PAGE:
Aug 27th, 2014 | By

What do rigged corporate trade agreements like the Trans-Pacific Partnership and the Paris Treaty, an international climate agreement to be signed in 2015, have in common? They are both tools being pushed by the power elite to rip away our hopes for democracy and to commodify all things to monetize them for profit. It is

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6 Ways Climate Change Threatens Health – and One Way it Probably Doesn’t

Aug 26th, 2014 | By

And while global warming may mean fewer cold-related deaths in some parts of the world, it is also set to spread exotic diseases to new areas. A major study in the Lancet described climate change as “the biggest global health threat of the 21st century”. The World Health Organization is hosting a global conference on the links between climate

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Small Island States, Facing Rising Seas, Seek Economic Overhaul

Aug 25th, 2014 | By

Reuters: Small island states facing a “frightening” rise in sea levels will seek investments in everything from solar energy to fisheries to boost their economies at a U.N. summit next week. Leaders will meet in Samoa in the Pacific from Sept. 1-4 to drum up partnerships with companies, development banks and donors on projects that bring in

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No Time to Lose

Aug 25th, 2014 | By

Republica: In recent weeks, Nepal has confronted alarming floods and landslides. These extreme events have taken hundreds of lives and displaced thousands of others in Tarai and hills. The country continues to face heavy and erratic rainfall, signifying more risks ahead. The distorted monsoon pattern has left many people in a lurch. Given its topography, Nepal already

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Nepal, Maldives & Bhutan Could Lose Around 2% G.D.P. Due to Climate Change – A.D.B. Report

Aug 24th, 2014 | By

Nepal, the Maldives, and Bhutan could be looking at economic losses of around 2 percent of their annual gross domestic product by 2050 due to climate change, according to Asian Development Bank report. The recently released A.D.B. report, titled “Assessing the Costs of Climate Change and Adaptation in South Asia,” found that Nepal, the Maldives,

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‘Poor’ Outlook for Australia’s Great Barrier Reef as Climate Change Threatens

Aug 13th, 2014 | By

AFP: Climate change remains the most serious threat to the Great Barrier Reef and the outlook for the natural wonder is “poor”, an Australian government report has warned. The World Heritage site on the north-east coast is “under pressure” and its capacity to recover could be weakening, said the report from the Great Barrier Marine Park

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State Climate Action Plans Lack Innovation, Study Finds

Aug 11th, 2014 | By

The Hindu: An analysis of State action plans to combat climate change reveal a lack of innovative approaches and a high variation in budgets apart from the fact that many did not move ahead from the business as usual scenario. However, the exercise in sheer numbers by 27 States is one of the largest sub-national action

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Pakistan’s Coal-based Economy Could Suffer After Climate Deal

Aug 6th, 2014 | By

Qamar uz Zaman Chaudhry, a special envoy of the World Meteorological Organisation and lead author of Pakistan’s National Climate Change Policy, called on the government to  halt plans for a wave of new coal power plants across the country. “As soon as the new carbon-emission regime is agreed upon, the world will put carbon tax on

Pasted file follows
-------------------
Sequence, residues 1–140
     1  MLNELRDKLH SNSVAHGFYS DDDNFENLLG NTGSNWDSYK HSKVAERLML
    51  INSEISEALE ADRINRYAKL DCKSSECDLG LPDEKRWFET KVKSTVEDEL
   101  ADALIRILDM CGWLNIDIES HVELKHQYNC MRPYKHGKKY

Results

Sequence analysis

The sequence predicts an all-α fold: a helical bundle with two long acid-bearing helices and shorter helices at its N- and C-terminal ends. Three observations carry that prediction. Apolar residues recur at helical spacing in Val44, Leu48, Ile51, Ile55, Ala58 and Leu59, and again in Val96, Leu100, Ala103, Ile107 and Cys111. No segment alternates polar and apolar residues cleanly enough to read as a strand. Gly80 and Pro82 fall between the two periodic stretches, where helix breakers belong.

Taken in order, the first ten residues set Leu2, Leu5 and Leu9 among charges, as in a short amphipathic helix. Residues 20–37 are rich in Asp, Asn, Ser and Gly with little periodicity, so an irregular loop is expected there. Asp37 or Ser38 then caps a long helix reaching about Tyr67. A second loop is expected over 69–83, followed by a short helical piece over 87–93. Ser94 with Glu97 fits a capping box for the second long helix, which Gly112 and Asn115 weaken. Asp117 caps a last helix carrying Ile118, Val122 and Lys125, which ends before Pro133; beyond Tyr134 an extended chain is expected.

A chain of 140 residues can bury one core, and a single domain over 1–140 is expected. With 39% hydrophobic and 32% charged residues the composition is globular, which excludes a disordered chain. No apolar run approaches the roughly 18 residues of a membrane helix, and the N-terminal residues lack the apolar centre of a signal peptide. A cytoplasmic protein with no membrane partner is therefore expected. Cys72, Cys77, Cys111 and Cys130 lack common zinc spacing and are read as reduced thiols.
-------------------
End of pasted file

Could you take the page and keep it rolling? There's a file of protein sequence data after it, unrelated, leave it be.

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Pakistan Ill Prepared for Climate Crises

Aug 3rd, 2014 | By

Climate News Network: Scientists and opposition politicians in Pakistan have strongly criticised the government for what they say is its neglectful attitude towards coping with the challenges posed by climate change. “The government’s insufficient response to shifting weather patterns continues to cost the national economy dearly and is depriving people of their livelihoods, particularly in the

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Rising Heat Hits Indian Wheat Crop

Jul 29th, 2014 | By

Climate News Network: Researchers in the UK have established a link between changing climate and agriculture that could have significant consequences for food supplies in South Asia. They have found evidence of a relationship between rising average temperatures in India and reduced wheat production, which was increasing until about a decade ago but has now stopped.

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When Not a Drop is Left

Jul 27th, 2014 | By

Climate change is the biggest threat the planet faces today, with the resources of the entire world getting affected. Water, the world’s largest natural resource, faces multiple threats as increasing temperatures lead to the melting of glaciers at a faster pace, causing mass-scale floods, devastating our plains and displacing millions of people. Climate change cannot

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Melting Glaciers Giving Rise to New Lakes in Himachal Pradesh

Jul 23rd, 2014 | By

Times News Network: Melting of glaciers is resulting in the formation of smaller lakes in the high hills of Himachal Pradesh and is posing threat to the population living downstream. A recent visit to in Chokhang area of Lahaul-Spiti by MLA Ravi Thakur along with forest officials had revealed that around 6-7 smaller lakes have come

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Pakistan Ranked Eighth Most Vulnerable Country in the World

Jul 22nd, 2014 | By